He concludes that, although improvements could be made, the council is one of the most efficient and active councils in the world.
Flint proceeds to analyse how news is made in Australia. In his view, commercial talkback radio has emerged as an important agenda-setter.
Media proprietors, thought by the public to be most influential, in fact have increasingly lost their power. Power now seems to be largely vested in the journalists themselves who, unfortunately, tend to have a “herd” mentality on the great events of the day in the world of politics.
Typical of what is now occurring was the general support of the press in 1999 for an Australian republic. Those who wanted to retain the Constitution were portrayed as ridiculous and old-fashioned. There was singularly little attempt, as there should have been, to present the cogent arguments for the retention of our own present Constitution – a Constitution which has worked extremely well. Its very success is a strong and powerful argument for its retention.
In Chapter 5, Flint elaborates the principles of good broadcasting. The overriding principle is again that, like the press media, the broadcasting media must be free. It must be diverse and an affirmation of our culture. It must also be a responsible media. Public broadcasters have the highest duty to the nation and to its citizens for both impartiality and accuracy.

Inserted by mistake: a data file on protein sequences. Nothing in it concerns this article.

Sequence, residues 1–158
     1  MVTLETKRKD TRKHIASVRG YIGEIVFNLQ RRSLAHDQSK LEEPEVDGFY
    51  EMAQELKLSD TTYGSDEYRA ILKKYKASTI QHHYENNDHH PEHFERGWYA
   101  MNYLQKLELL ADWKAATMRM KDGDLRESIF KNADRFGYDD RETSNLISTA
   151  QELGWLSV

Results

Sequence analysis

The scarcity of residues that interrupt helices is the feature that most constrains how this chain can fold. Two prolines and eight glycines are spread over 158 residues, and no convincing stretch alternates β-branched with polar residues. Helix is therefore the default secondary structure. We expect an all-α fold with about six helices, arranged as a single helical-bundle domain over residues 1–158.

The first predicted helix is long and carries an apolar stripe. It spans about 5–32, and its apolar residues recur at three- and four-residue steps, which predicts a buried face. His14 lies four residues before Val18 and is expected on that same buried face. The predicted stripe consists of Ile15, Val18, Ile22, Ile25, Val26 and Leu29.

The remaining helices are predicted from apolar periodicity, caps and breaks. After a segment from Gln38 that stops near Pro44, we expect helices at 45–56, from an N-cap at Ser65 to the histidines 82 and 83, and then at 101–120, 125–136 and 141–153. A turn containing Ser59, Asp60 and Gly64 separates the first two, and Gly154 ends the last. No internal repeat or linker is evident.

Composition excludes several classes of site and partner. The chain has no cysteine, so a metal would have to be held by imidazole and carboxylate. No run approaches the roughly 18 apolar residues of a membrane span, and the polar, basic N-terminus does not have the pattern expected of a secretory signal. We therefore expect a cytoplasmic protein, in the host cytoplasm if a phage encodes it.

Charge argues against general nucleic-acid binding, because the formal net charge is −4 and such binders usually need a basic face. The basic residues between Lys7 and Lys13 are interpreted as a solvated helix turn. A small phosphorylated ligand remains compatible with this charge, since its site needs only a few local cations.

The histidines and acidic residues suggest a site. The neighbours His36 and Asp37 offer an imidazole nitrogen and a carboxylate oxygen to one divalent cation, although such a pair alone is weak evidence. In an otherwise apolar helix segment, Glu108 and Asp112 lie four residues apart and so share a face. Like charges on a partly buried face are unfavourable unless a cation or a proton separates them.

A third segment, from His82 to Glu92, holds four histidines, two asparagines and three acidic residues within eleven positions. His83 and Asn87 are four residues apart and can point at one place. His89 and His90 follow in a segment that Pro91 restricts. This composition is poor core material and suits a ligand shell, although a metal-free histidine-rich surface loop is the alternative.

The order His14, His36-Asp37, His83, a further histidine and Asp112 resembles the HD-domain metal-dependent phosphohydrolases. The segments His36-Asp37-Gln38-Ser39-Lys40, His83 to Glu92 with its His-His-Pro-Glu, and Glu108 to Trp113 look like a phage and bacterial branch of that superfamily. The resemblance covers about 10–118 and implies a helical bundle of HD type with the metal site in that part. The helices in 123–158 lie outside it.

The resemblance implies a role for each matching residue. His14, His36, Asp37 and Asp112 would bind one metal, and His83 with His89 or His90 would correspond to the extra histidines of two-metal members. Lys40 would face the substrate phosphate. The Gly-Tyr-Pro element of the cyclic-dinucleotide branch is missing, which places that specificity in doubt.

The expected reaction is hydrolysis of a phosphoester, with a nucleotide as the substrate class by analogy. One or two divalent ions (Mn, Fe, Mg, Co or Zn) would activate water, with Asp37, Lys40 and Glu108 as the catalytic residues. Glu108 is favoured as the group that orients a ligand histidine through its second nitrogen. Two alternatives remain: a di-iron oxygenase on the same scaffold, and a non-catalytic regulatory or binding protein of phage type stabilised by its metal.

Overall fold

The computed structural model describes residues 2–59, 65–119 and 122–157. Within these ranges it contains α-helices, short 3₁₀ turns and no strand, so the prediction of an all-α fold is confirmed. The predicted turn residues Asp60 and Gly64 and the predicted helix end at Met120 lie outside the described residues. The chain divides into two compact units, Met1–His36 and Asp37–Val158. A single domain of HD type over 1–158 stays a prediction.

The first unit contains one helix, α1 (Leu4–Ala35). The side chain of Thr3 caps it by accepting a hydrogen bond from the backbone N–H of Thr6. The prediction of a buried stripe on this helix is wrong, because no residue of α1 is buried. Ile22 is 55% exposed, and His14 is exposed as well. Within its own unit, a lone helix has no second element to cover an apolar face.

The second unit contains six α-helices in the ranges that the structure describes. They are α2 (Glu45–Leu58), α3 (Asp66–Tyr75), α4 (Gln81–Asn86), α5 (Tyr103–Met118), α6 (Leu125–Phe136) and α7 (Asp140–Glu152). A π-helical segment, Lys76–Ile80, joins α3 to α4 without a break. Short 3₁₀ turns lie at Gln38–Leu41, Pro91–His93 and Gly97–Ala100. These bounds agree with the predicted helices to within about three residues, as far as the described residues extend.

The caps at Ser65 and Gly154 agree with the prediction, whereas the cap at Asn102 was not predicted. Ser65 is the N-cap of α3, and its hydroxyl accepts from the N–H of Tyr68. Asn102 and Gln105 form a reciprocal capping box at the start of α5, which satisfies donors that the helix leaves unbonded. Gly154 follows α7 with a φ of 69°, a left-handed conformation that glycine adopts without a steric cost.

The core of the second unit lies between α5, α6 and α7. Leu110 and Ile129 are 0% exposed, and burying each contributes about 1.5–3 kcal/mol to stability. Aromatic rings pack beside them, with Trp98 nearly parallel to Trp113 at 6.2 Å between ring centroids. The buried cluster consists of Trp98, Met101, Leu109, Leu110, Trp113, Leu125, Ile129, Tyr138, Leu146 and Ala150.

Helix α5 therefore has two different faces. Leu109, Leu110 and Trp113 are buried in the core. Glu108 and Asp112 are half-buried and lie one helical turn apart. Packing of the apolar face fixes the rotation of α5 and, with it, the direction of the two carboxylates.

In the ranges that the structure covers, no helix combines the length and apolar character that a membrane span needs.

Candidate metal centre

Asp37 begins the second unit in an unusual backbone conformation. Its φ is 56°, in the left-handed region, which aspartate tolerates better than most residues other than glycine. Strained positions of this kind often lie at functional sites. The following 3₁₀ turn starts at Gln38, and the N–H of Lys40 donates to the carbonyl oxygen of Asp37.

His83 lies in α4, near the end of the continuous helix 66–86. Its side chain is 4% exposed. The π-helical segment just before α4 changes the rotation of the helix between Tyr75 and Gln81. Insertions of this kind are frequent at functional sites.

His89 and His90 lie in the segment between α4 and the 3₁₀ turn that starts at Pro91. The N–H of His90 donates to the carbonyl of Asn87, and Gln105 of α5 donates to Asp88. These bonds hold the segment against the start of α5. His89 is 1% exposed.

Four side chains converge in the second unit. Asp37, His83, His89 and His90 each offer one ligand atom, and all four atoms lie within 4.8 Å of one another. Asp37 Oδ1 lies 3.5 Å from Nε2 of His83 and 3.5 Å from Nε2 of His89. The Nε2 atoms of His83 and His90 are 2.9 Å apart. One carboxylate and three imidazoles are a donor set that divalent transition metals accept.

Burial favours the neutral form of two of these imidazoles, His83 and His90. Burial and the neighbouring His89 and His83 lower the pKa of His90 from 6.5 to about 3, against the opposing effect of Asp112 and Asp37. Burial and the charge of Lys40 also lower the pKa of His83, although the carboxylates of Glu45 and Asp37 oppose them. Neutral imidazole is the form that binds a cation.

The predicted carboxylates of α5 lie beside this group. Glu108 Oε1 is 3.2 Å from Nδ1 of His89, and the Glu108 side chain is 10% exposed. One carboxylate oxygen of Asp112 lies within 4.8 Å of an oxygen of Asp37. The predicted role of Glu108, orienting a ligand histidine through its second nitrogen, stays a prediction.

Flint then moves on to consider ownership and control. He says it should be a matter of concern to all Australians that the government of the day can actually take decisions about who may own a newspaper, an absolute discretion in relation to persons who are not citizens. When Conrad Black sought to acquire an interest in Fairfax, he was restricted to an unviable 25 per cent and in consequence sold his interest. Yet, from the point of view of quality and the independence of his papers, Black was an excellent proprietor.
Chapter 7, “Feeding Frenzies”, deals with that well-known media phenomenon which is both mindless and hysterical – the scramble by journalists to occupy what they perceive to be the high moral ground.
The classic instance of this was the 2001-02 campaign against the Governor-General, Dr Peter Hollingworth. Flint gives a very detailed and informative account of this campaign. It is important to realise, as perhaps few ever understood, that there never was any evidence that Dr Hollingworth was guilty of any wrongdoing either under the law of the state or of the church.
In the following two chapters, Flint analyses the targeting of talkback radio by the media elite. Most of us would have a limited knowledge only of the inquiries into the behaviour of Alan Jones and John Laws and radio stations 2UE and 2GB. Flint suggests that they were targeted not so much because of any technical wrongdoing, but rather because their views did not coincide with the elite agenda.
In his final chapter, Flint poses the all-important question: what is to be done? He says we now have the elite media regularly and unethically campaigning to achieve the agenda of no more than 10 per cent of the population. He says that, above all, the solution lies with the readers, listeners and viewers of the media to make their expectations very clear.
Professor Flint is a distinguished and richly experienced academic. In writing Malice in Media Land, has performed a singular service to the Australian people. Equally, Freedom Publishing is to be congratulated for producing this very valuable work.